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Saddam's Navy Modernization

Most of Iraq's Navy was destroyed during Operation Iraqi Freedom during early 2003, and all remaining equipment was junked in the immediate aftermath of the war. None of the vessels acquired during Saddam's time remained in service.

The most significant threat from the Iraqi navy was from smaller patrol boats that could be used to lay mines or harass shipping. Iraq also had a limited number of SEERSUCKER coastal defense cruise missiles.

The Iraqi navy consisted of three major surface classes: an 1850-ton Class FFT, a BOGOMOL Class PC, and an OSA I Class PTG. Minor classes include: PB 90 Class PB, ZHUK Class PB, BHC SR N6 WINCHESTER Class LCPA, YEVGENYA Class MSI, NESTIN Class MSB, and a yacht with a helicopter deck. There were, however, numerous units of smaller patrol boat size, such as the SWARY classes. Iraq was estimated to have more than 150 of these smaller boats. Although these boats were typically the size of small to medium power/speed boats and not heavily armed, they could be used for limited mining or raiding missions.

It had demonstrated some naval activity after accepting the new UN resolution, with its coastal patrol boats steaming inside its territorial waters. The Osa remained berthed and had not been observed under way.

During Operation Desert Storm Coalition naval forces literally eliminated the Iraqi Navy and projected power ashore. Surface combatants, helicopters, carrier-based aircraft, land-based P-3s, and multinational naval partners all contributed to the destruction of more than 100 Iraqi vessels. The Iraqi Navy had 19 ships sunk and 6 vessels damaged. Of the units that remain, most are in a poor state of repair, seldom operate even for training purposes, and the crews are estimated to be in a poor state of readiness.

Awaiting delivery pending payment in 1990, the Gulf War put a stop to any possibility of the ten or so ships of different classes from being delivered, and they languished in Italian dockyards for some time. Italy took the four Lupo class frigates, and Malaysia picked up the four smaller FFLs. Two other modified Al Walids (With a helicopter hangar) are as yet unspoken for.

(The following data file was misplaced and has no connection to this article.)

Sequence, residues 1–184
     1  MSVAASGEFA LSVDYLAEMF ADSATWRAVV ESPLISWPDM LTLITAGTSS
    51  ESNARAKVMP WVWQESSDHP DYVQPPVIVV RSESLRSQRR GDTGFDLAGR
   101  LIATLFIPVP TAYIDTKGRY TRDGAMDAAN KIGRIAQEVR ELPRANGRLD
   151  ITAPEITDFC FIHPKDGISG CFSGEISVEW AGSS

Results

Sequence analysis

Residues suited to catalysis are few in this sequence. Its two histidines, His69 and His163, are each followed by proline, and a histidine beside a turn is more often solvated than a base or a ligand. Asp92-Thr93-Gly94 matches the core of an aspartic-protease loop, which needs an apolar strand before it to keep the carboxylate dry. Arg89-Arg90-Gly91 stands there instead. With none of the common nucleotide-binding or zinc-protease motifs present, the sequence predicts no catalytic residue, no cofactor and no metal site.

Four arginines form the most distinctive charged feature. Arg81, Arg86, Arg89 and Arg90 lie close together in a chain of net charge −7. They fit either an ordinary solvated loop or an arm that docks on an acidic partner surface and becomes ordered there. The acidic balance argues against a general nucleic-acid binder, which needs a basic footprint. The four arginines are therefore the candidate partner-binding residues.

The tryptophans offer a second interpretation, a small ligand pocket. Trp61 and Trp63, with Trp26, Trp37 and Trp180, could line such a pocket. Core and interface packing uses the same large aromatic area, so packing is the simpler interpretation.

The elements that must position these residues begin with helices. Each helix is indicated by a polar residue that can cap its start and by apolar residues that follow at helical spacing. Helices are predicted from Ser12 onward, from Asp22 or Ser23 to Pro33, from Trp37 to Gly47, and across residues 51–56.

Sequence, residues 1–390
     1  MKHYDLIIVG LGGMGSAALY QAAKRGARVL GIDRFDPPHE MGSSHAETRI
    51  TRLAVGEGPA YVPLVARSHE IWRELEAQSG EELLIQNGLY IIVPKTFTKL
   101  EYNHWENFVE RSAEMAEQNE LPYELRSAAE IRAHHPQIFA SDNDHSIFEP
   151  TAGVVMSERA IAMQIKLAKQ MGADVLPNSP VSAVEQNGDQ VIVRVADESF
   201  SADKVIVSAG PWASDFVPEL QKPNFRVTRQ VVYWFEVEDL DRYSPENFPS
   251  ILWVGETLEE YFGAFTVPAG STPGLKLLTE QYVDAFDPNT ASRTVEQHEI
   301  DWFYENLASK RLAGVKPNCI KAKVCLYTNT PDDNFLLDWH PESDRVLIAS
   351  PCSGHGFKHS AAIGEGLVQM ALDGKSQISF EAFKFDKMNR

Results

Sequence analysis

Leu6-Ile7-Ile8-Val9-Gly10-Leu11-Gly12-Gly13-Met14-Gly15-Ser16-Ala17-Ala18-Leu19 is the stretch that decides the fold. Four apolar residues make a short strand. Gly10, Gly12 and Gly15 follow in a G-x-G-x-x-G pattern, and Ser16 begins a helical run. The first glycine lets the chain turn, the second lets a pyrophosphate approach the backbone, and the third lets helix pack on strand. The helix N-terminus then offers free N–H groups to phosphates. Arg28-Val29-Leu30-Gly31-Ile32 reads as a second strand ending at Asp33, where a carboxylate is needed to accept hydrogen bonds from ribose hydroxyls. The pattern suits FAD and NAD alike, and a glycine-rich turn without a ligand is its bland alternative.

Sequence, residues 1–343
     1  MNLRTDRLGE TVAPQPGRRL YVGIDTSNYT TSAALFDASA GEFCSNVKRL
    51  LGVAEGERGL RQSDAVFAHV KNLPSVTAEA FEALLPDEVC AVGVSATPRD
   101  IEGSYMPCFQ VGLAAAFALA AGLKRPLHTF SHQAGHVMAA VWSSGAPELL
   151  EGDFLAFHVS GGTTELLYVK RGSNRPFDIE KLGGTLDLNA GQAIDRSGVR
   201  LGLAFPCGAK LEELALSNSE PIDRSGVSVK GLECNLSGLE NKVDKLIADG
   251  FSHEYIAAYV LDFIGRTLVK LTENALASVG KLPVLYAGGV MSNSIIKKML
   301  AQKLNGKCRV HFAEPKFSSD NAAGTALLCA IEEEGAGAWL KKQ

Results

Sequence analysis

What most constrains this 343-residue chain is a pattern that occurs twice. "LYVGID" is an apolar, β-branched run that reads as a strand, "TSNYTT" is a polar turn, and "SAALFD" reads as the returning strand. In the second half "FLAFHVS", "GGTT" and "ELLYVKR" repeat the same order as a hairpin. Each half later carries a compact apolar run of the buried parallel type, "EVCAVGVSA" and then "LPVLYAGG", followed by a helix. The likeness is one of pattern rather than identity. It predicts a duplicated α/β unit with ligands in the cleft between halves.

At the outset of the 1991 Persian Gulf conflict the IISS Military Balance indicated the Iraqi Navy had three Italian made Lupo frigates in service. In fact, while the Lupo frigates had been ordered by Iraq, they had not been shipped due to the embargo following Iraq's seizure of Kuwait in August 1990. The four Lupo class frigates were claimed by the Italian government in 1991 and now serve the Italian navy.

Variants of the Assad class built for Libya, four ships were built for the Iraqi Navy as the Al Walid class. The Assad (formely Wadi) class are small guided missle corvettes initially built for Libya by Italy. Similar ships were built for Iraq, though the Iraqi ships can carry a heliocopter and had two additional Otomat anti ship missles along with launcers for eight Aspide missles. The Iraqi ships had a nasty sting with their four Otomat missles, but were vulnerable since they had no anti aircraft missles. The original Assad ships had been ordered by the Iraqi Navy, but the supply of the missile corvettes was stopped by United Nations sanctions. The two helo-capable corvettes had been delivered in 1986, but never left Italy. They were interned in 1991. The four non-helo capable variant corvettes were ordered by Iraqi navy and constructed by Fincantieri, Italy, but remain laid up in Italian ports as the outbreak of the Gulf war. They were also claimed by Italy in 1991 and eventually sold to Malaysia. In October 1995 the Malaysian Ministry of Finance signed a contract with Fincantieri for the supply of two 650t missile corvettes for the Royal Malaysian Navy. A further two missile corvettes were ordered in February 1997. Two Assad class corvettes (FSG) (full load displacement is 750 tons, with SSM, and SAM) were also commissioned in 1997. Two more contracts were signed on 20 February 1997 for conversion and delivery in 1998.

The training frigate Ibn Marjid [Ibn Maghid] was badly damaged in the 1991 Gulf War, and reportedly has not gotten under way under her own power since that time. The single ex-Soviet 'Osa I' class patrol boat probably has not been underway since 1991, and the three remaining minesweepers have not operated since 1991. The single remaining Nyryat II [Soviet Bogomol-class] patrol boat is believed to be non-operational.

The presidential yacht Al Mansur is laid up, and the presidential yacht Al Qadisiya had been laid up since the mid-1980's. The oiler Agnadeen was interned at Alexandria in 1986, and her builders were awarded (nominal) custody. A 6,000 ton floating drydock is also interned at Alexandria, and the builders have also been awarded (nominal) custody.



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